Over half the astronauts who travelled on the Space Shuttle and stayed aboard International Space Station (ISS) triggered the dormant herpes viruses, posing significant health risk for human missions to Mars and beyond, says an Indian-origin researcher at NASA.
While only a small proportion develop symptoms, virus reactivation rates increase with spaceflight duration and could present problems for deep space missions, according to the research published in the Frontiers in Microbiology journal.
During spaceflight, there is a rise in secretion of stress hormones like cortisol and adrenaline, which are known to suppress the immune system.
"In keeping with this, we find that astronaut's immune cells - particularly those that normally suppress and eliminate viruses - become less effective during spaceflight and sometimes for up to 60 days after," said Satish K. Mehta of KBR Wyle at the Johnson Space Centre.
As a result, dormant viruses reactivate and resurface.
"To date, 47 out of 89 (53 per cent) astronauts on short space shuttle flights, and 14 out of 23 (61 per cent) on longer ISS missions shed herpes viruses in their saliva or urine samples.
"The magnitude, frequency and duration of viral shedding all increase with length of spaceflight," Mehta said.
For the study, the team analysed saliva, blood and urine samples collected from astronauts before, during and after spaceflight.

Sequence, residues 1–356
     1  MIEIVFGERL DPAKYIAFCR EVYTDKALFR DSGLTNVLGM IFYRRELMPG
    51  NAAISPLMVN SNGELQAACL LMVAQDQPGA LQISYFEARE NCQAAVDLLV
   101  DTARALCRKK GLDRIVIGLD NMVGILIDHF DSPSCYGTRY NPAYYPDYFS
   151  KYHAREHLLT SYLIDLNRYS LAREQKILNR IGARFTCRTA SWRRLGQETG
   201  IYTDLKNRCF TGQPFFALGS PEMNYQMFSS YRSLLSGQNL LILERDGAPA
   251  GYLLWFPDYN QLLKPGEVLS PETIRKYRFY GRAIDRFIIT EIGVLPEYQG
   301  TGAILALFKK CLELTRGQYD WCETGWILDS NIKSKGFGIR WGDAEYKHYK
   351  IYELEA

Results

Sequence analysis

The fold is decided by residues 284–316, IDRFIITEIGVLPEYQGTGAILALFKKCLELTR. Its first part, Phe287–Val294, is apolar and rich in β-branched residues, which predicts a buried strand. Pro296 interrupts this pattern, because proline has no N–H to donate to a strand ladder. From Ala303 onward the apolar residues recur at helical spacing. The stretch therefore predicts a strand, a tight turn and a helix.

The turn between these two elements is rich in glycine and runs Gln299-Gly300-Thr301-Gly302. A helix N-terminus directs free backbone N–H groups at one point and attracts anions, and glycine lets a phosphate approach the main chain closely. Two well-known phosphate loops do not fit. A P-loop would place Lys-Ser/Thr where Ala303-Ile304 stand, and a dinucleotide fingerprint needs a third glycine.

The frequencies - as well as the quantity - of viral shedding were found to be significantly higher than in samples from before or after flight, or from matched healthy controls.
Overall, four of the eight known human herpes viruses were detected. These include the varieties responsible for oral and genital herpes (HSV), chickenpox and shingles (VZV).
While so far, this viral shedding is typically asymptomatic, the continued virus shedding post flight could endanger immunocompromised or uninfected contacts on Earth, like newborns.
The findings has major implications for human deep-space missions beyond the Moon and Mars as the risk that herpes virus reactivation poses to astronauts and their contacts could become more crucial, the researchers said.
NASA's rapid viral detection systems and ongoing treatment research are beginning to safeguard astronauts-and immunocompromised patients on Earth.
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